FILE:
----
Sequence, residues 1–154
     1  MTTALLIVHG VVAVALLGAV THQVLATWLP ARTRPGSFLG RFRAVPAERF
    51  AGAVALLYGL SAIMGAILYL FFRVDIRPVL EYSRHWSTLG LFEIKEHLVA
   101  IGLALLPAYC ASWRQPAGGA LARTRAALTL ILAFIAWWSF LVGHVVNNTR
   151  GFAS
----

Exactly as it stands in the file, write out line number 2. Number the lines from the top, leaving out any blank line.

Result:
     1  MTTALLIVHG VVAVALLGAV THQVLATWLP ARTRPGSFLG RFRAVPAERF